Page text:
Publisher: Fantagraphics/Turnaround Publishing
Writer/Artist: Wallace Wood
Release Date: 23rd July 2014
John Cannon is the ideal government agent. Previously brainwashed by the ‘Red Forces’ to be their perfect assassin, Cannon was rescued, brainwashed again by the CIA (as you do), and turned him into an emotionless, focused and fiercely loyal operative.
Cannon’s unique exploits originally aired back in the early 70’s in Overseas Weekly, a newspaper which was distributed solely to US Military bases around the world. As a result, there’s a genuine aura of morale-boosting propaganda here, as the square-jawed Cannon lays waste to endless “Reds”, hooks up with gorgeous, scantily clad women and doles out some surprisingly brutal violence (Overseas Weekly was free from the usual commercial editorial restrictions, and creator Wallace Wood clearly took the opportunity to pull out all the stops as a result).
The storylines and narrative style here are very much of their time (i.e. lacking almost entirely in subtlety, yet still managing to contain a significant amount of charm), although it’s somewhat difficult at times to figure out whether Cannon’s exploits are meant to be taken straight or with tongue planted firmly in cheek. It can be read as a fairly earnest, if a little ‘on the nose’ espionage thriller, but at the same time it can also be viewed as a sort of spiritual predecessor to the likes of Archer, with the caricature of the “super-spy” being lampooned mercilessly by the creators.
The treatment of women in the book is also very much of its time, and not in a good way, with practically every female character being either a (topless) damsel in distress or a (topless) femme fatale. Hardly progressive then, but as an intriguing time capsule of how things used to be “back in the day”, it certainly makes for interesting reading, if only to hammer home just how far comics have come in the last forty-odd years.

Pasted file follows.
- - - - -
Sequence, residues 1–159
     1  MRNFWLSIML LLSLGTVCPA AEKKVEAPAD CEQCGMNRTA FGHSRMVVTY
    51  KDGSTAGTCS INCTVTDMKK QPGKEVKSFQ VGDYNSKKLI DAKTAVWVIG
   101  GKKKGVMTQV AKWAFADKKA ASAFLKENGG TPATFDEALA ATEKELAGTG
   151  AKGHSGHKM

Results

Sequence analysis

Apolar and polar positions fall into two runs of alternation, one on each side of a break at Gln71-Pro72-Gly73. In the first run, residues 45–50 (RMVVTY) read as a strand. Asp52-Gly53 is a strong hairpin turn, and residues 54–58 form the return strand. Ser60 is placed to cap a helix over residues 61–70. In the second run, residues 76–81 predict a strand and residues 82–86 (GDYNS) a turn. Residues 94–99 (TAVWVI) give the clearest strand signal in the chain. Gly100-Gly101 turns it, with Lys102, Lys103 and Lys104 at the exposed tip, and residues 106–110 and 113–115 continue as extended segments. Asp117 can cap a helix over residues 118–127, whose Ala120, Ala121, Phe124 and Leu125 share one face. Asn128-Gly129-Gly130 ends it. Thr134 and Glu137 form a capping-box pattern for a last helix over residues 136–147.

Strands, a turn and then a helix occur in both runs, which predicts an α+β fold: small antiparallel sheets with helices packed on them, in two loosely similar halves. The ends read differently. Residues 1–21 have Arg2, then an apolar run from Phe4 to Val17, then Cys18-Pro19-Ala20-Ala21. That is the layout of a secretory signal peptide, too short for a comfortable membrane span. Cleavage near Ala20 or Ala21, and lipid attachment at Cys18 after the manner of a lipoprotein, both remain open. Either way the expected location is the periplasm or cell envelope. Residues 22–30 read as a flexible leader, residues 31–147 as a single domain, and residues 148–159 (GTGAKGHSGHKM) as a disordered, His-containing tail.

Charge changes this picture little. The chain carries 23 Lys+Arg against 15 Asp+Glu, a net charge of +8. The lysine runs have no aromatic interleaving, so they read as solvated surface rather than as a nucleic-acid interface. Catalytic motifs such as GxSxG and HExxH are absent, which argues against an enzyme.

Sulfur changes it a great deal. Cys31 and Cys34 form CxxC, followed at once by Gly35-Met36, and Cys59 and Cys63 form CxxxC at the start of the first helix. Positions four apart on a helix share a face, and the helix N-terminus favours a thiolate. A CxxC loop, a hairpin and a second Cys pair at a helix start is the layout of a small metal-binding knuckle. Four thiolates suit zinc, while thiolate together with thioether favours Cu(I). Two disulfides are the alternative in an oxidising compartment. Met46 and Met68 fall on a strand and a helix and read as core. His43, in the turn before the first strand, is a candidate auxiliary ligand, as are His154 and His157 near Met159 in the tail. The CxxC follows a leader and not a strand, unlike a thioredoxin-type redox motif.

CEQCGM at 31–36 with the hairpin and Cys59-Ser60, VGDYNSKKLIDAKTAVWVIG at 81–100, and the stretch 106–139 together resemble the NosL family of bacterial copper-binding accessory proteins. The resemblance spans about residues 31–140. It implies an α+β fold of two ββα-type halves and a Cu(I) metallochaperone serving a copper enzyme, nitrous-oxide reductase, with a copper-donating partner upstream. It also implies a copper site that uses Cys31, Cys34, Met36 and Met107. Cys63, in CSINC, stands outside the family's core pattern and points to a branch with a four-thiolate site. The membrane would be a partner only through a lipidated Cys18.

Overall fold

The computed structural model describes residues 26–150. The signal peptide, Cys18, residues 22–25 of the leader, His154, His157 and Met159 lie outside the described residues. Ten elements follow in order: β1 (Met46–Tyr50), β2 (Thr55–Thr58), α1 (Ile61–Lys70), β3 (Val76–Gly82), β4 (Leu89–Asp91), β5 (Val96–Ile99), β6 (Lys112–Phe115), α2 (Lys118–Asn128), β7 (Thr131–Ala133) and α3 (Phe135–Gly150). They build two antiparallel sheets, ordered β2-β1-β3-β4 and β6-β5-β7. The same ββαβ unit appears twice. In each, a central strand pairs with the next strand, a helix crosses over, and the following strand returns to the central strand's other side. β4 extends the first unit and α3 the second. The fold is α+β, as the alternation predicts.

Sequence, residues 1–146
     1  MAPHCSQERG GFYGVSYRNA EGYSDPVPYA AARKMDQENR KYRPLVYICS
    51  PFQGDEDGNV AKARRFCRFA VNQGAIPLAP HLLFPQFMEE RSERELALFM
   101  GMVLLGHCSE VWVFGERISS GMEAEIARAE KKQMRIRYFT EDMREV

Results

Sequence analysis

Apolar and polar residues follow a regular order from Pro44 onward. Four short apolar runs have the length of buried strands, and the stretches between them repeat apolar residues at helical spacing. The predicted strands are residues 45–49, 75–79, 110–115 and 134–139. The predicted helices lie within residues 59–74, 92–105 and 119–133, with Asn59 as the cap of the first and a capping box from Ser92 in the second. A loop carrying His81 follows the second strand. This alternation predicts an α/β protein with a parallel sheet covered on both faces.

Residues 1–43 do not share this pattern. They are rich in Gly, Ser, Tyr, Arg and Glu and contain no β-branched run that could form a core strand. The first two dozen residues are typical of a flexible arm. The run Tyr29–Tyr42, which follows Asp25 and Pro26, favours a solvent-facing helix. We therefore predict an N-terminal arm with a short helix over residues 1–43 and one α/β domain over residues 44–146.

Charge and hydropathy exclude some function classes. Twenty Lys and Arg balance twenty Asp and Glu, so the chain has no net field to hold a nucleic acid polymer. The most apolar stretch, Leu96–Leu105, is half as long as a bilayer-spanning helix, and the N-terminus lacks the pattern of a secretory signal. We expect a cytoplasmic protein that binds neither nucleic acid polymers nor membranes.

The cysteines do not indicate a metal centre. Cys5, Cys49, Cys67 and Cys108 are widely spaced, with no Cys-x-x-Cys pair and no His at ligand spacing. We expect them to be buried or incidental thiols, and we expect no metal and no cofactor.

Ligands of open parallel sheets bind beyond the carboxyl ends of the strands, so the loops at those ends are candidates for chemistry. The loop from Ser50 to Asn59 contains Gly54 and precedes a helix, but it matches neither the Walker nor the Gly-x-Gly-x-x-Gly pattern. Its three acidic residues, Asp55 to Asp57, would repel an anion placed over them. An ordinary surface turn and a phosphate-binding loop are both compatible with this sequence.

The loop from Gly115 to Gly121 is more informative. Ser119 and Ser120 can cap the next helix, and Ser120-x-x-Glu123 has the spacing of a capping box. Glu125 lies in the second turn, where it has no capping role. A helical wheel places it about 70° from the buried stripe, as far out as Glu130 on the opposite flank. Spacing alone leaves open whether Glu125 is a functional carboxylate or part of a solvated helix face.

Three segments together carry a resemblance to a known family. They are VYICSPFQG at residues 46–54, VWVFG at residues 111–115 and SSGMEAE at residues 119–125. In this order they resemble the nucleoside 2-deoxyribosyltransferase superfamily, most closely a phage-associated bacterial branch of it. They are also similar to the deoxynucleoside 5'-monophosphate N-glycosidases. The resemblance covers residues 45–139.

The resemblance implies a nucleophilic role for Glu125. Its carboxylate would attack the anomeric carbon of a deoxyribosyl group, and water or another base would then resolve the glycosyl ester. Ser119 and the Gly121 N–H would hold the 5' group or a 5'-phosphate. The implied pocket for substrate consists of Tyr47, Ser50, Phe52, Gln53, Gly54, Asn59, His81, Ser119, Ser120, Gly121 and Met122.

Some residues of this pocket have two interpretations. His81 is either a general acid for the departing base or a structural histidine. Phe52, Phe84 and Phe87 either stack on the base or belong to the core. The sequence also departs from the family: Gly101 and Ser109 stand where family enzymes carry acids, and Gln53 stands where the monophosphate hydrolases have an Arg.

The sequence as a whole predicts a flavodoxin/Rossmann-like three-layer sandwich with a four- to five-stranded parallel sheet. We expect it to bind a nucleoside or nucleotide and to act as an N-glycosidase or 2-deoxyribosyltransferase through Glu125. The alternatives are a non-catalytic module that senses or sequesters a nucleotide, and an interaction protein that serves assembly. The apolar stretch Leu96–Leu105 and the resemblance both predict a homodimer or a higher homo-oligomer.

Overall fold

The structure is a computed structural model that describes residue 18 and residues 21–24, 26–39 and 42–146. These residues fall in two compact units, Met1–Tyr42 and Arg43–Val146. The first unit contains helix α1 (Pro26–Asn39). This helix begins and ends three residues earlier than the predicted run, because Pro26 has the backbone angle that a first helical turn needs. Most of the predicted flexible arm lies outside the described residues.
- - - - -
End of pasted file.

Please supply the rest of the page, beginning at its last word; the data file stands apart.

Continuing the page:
The artwork is undoubtedly fantastic throughout, however, making it difficult to merely dismiss this collection as being ‘dated’ or ‘insulting’. Yes, most of its contents wouldn’t really fly these days, but Wood cements his place as a truly iconic comic creator here with his detailed, kinetic and – yes – violently debauched artistic style.
A word of warning, however; clocking in at a whopping 296 pages, Cannon is an experience that is definitely best savoured in small doses. As amusing and engaging as the salacious super spy’s exploits may be, they soon start to lose their appeal and become somewhat repetitive when attempting to consume them in a single sitting. It’s worth remembering that these were originally short, episodic stories sent out to US Military personnel on a weekly basis, and while I detest the term “toilet book”, that’s probably the best way to view this collection.
Overall though, Fantagraphics have done a fantastic job in liaising with the Wallace Wood Estate to make this impressive collection happen, and as an interesting look back into a unique slice of comic book history – and with a little tongue-in-cheek espionage awesomeness into the bargain – this hardcover collection is well worth a look.
You can purchase Cannon HC from Turnaround Publisher Services (who generously provided the review copy for this title) via their official website.
The writer of this piece was: Craig Neilson (aka Ceej)
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